• Recognise when they are in the different Zones
  • Increase their emotional vocabulary so they can explain how they are feeling
  • Develop strategies (or ‘tools’) to manage their feelings in each Zone
  • Recognise when other people are in different Zones
  • Develop an insight into what might make them move into the different Zones
  • Understand that emotions, sensory experiences such as lack of sleep or hunger, and their environment might influence which Zone they are in
  • Develop problem-solving skills and resilience
  • Identify a range of calming and alerting strategies (known as their personal ‘toolkit’).

What are the different Zones?

Blue Zone: low level of arousal; not ready to learn; feels sad, sick, tired, bored, moving slowly.

Green Zone: calm state of alertness; optimal level to learn; feels happy, calm, feeling okay, focused.

Yellow Zone: heightened state of alertness; elevated emotions; feels frustrated, worried, silly/wiggly, excited, loss of some control.

Red Zone: heightened state of alertness and intense emotions; out of control; feels mad/angry, terrified, yelling/hitting, elated, out of control.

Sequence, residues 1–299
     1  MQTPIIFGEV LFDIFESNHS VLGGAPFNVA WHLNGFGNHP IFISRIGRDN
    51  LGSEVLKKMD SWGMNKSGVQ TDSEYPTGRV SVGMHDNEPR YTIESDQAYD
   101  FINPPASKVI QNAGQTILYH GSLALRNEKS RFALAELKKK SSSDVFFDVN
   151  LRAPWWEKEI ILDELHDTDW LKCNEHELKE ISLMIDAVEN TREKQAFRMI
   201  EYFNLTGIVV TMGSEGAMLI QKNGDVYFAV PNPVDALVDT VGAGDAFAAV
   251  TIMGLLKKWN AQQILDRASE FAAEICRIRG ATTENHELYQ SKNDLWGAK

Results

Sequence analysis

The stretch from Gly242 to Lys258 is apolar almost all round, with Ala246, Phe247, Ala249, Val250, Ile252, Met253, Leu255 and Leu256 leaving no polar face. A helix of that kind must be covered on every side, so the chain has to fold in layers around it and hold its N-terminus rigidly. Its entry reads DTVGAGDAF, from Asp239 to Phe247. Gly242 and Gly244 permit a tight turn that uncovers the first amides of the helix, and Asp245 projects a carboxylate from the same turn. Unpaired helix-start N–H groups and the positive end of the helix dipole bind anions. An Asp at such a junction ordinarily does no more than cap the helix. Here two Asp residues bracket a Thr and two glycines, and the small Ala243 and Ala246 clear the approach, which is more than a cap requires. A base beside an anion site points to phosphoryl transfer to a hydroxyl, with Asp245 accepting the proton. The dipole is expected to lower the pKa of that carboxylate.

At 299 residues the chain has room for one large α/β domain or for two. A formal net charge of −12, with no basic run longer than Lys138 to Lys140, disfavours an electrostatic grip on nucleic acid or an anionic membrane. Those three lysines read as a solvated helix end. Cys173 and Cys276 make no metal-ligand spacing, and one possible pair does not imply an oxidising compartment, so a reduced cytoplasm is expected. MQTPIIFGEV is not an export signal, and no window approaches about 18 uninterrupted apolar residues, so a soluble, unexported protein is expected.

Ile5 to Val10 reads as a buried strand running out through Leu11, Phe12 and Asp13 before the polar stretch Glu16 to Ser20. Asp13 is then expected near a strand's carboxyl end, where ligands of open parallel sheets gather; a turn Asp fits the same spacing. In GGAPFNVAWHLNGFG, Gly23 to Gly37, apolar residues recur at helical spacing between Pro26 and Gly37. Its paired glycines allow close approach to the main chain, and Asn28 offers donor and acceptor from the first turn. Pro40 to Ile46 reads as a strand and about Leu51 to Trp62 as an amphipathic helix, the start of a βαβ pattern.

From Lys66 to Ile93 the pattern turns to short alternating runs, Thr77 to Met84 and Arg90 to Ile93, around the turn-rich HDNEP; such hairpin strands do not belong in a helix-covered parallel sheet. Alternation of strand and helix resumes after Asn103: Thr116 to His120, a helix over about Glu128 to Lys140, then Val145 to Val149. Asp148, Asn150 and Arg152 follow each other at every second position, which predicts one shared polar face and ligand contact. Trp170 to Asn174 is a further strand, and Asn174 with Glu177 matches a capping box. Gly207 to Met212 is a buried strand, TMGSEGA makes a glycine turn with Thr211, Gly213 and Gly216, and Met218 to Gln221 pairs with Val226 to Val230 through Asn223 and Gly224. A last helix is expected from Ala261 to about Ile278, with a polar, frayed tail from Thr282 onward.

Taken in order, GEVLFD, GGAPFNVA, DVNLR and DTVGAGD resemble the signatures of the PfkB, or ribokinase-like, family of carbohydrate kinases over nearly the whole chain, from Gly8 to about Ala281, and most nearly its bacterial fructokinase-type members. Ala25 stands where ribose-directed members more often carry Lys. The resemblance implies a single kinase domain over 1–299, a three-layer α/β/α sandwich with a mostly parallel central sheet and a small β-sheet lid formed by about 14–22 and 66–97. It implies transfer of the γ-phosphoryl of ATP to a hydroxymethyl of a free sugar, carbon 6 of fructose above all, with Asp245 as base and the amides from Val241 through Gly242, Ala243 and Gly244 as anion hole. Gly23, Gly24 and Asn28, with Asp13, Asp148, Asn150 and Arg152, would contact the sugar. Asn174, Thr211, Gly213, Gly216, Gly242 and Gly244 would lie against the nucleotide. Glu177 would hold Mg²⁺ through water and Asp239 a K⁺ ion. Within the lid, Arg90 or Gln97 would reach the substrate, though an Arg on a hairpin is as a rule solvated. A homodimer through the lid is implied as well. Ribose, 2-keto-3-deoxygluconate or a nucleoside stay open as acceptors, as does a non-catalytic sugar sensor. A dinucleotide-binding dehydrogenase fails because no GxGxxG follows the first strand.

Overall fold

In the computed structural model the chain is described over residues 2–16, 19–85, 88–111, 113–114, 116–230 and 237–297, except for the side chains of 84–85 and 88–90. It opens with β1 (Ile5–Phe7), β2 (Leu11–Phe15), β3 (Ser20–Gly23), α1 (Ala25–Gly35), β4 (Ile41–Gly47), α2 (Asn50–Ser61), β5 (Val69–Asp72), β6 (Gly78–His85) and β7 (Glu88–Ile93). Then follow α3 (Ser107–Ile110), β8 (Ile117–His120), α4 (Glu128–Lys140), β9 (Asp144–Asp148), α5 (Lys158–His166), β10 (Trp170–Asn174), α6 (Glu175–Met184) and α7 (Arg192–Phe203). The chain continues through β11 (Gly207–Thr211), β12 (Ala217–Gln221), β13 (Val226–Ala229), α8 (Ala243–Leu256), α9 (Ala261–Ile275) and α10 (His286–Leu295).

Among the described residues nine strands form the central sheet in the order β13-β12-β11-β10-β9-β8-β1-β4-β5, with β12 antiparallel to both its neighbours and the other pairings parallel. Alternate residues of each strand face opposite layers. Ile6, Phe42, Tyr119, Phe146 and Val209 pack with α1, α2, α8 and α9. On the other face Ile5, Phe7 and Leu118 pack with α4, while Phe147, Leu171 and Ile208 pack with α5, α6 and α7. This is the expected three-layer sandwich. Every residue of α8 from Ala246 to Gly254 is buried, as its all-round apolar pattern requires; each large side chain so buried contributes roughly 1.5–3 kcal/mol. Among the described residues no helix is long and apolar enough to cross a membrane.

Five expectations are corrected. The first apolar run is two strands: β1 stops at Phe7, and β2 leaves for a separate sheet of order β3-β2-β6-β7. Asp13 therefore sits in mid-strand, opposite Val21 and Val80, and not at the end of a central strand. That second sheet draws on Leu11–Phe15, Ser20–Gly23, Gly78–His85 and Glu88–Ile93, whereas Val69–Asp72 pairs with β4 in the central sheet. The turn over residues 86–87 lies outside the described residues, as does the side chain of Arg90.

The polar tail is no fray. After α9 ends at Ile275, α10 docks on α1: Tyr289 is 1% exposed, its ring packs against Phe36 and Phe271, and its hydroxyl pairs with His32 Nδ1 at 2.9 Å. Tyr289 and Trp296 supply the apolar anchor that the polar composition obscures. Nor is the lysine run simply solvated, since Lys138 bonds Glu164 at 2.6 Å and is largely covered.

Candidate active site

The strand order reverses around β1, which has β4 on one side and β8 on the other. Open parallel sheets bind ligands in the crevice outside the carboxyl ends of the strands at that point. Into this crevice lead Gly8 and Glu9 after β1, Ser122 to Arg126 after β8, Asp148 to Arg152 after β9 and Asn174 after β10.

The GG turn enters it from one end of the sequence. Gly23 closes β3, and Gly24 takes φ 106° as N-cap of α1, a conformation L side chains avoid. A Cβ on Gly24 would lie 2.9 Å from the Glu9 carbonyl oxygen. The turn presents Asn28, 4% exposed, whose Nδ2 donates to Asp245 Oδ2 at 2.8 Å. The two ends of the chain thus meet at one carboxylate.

We have introduced the Zones through discrete and targeted teaching sessions. We are using the Zones language as part of daily school life so all staff will be referring to them, not just their class teacher. Some children might prefer not to use the ‘Zones language’ but label the emotions directly – this is fine and encouraged!

Each class has developed an understanding of the four zones, which emotions are associated with each of them and how they may feel when they are experiencing them. The children have also developed their own class ‘tool kits’- strategies that can support them when in the different zones.

Letter to Parents

School based Presentation

Zones of Regulation Poster





Useful documents for parents, carers and the Beaumont community


Five a Day

Anna Freud Resources

Self Kindness Toolkit


BBC Children In Need Resource Hub


Mental Health Week 2023